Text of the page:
SDBA eNews

May 30, 2024

ABA Newsbytes: Mega-Retailers Versus the Public Interest

ABA viewpointThe Federal Reserve’s proposal to lower debit card transaction interchange fees for the first time since 2011 is drawing cheers from the retail industry lobby—and jeers from a wide swath of the rest of the American public, Tom Rosenkoetter, executive director of ABA’s Card Policy Council, writes in a new ABA Viewpoint column. Rosenkoetter notes that of the 202 public comment letters the Fed has so far released, 79% urged the central bank to back off the rule change. Those weighing in, from community banks to academics and economists, found plenty to criticize, he writes.

"They pointed to data showing the detrimental impact on financial inclusion efforts since the Fed first imposed a cap on debit card fees in 2011, as many financial institutions could no longer afford to offer rewards and no-fee checking accounts that appeal to lower-income customers and the unbanked,” Rosenkoetter writes. “They noted that research shows retailers pocketed savings from the fee cap rather than passing them along to customers. And they raised the alarm that further slashing the cap would halt momentum for low-cost Bank On-certified accounts, which—following a nationwide campaign championed by ABA—are now offered by hundreds of banks.”

Commenters from every slice of the political spectrum, representing different policy and community service disciplines, made a strong and multipronged case for the Fed to pull back its Reg II proposal for further study, Rosenkoetter writes. “These negative customer impacts, even if unintentional, must be addressed directly by the Fed as part of its legal obligations in any rulemaking process.” Read more.

ABA Banking Journal: ABA Outlines Banking Industry's Farm Bill Priorities

ABA banking journalBanks remain one of the first places farmers and ranchers turn to when seeking agricultural loans, ABA said in a statement for the record for the House ag committee meeting. “Banks that offer agricultural credit products typically finance a wide array of customers, including large and small farms, urban farmers, beginning farmers and USDA-defined historically underserved farmers, which include women and minority farmers and ranchers. Meaningful changes proposed in the 2024 Farm Bill will allow bankers to better serve their customers and ensure they have high levels of credit availability in the years to come.”

ABA’s priorities in the legislation include modernizing USDA’s Farm Service Agency loan guarantee limits; clarifying bonafide operator rules for beginning farmer programs; modernizing and raising limits for the down payment assistance program; and providing robust risk management tools to allow bank customers greater stability and predictability for each growing season.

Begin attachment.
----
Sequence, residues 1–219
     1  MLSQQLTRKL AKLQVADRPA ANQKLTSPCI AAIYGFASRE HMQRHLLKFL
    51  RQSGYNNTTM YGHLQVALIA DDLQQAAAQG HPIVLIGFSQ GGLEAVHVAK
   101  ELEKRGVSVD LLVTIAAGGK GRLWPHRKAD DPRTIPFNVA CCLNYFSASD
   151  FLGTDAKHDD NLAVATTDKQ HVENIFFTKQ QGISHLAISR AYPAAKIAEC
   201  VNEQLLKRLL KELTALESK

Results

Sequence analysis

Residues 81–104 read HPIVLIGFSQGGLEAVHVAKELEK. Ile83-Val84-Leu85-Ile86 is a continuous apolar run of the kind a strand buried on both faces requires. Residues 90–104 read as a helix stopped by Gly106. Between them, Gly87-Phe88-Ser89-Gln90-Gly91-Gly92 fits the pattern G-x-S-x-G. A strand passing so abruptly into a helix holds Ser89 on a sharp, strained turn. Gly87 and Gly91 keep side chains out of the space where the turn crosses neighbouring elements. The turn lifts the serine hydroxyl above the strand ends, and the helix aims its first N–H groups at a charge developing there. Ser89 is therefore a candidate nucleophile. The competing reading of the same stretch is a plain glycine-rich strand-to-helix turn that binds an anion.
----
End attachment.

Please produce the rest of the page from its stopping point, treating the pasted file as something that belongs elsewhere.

ABA did, however, voice its disappointment that banks were not included in the 2024 Farm Bill language that would exempt Farm Credit institutions from the CFPB’s final Section 1071 rule and directs the Farm Credit Administration to write a rule requiring Farm Credit institutions to report only race, sex and ethnicity data to FCA annually. An amendment was offered by Rep. Frank Lucas (R-Okla.) to repeal CFPB’s final 1071 rule. The amendment ultimately was withdrawn due to jurisdictional issues. ABA said it would “continue to seek solutions” for agricultural banks that fall under the CFPB’s “burdensome” final 1071 rule. Read ABA’s statement.

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CISA NEWS: Your Social Security number is probably on the dark web. Should you be worried?

April 28, 2024


(NEXSTAR) – Practically every other week, news breaks of some sort of data breach. Just last month, AT&T revealed sensitive information for more than 70 million people – including their Social Security numbers and passwords – was found on the “dark web.”

With so many large-scale data breaches, is your personal information already out there?

“If it’s not, it will be,” said Kyle Hanslovan, CEO of cybersecurity firm Huntress.

Jay Jacobs, an analyst who worked on Verizon’s data breach reporting, told NPR in 2015 he believed 60% to 80% of Social Security numbers had already been compromised by hacks – and that was before the 2017 Equifax breach affecting 148 million people. (Nexstar reached out to Verizon for an updated figure, but was told it was not tracked in their latest research.)

The telltale signs of AI-generated images, video and audio, according to experts

Theft of Social Security numbers is so common, the federal government won’t just give you a new one, even if you can prove yours has been stolen. You’d have to prove you’ve been experiencing “ongoing problems” because of the number being misused. And in the rare case that a new number is issued, the blank slate can create a whole host of problems, the Social Security Administration warns.

But before you panic, remember that not everyone who has been victimized in a data breach will end up victimized by identity theft.

“If you’re a high-value individual that maybe has a high net worth or works at a company that they can extort you, you might actually be a real target,” Hanslovan said. “For the masses though, the everyday common person, you’re more of a target of opportunity.”

Simple measures, like freezing your credit, can reduce your exposure for these types of crimes of opportunity. That can prevent bad actors from using your Social Security number to take out loans or open new credit cards.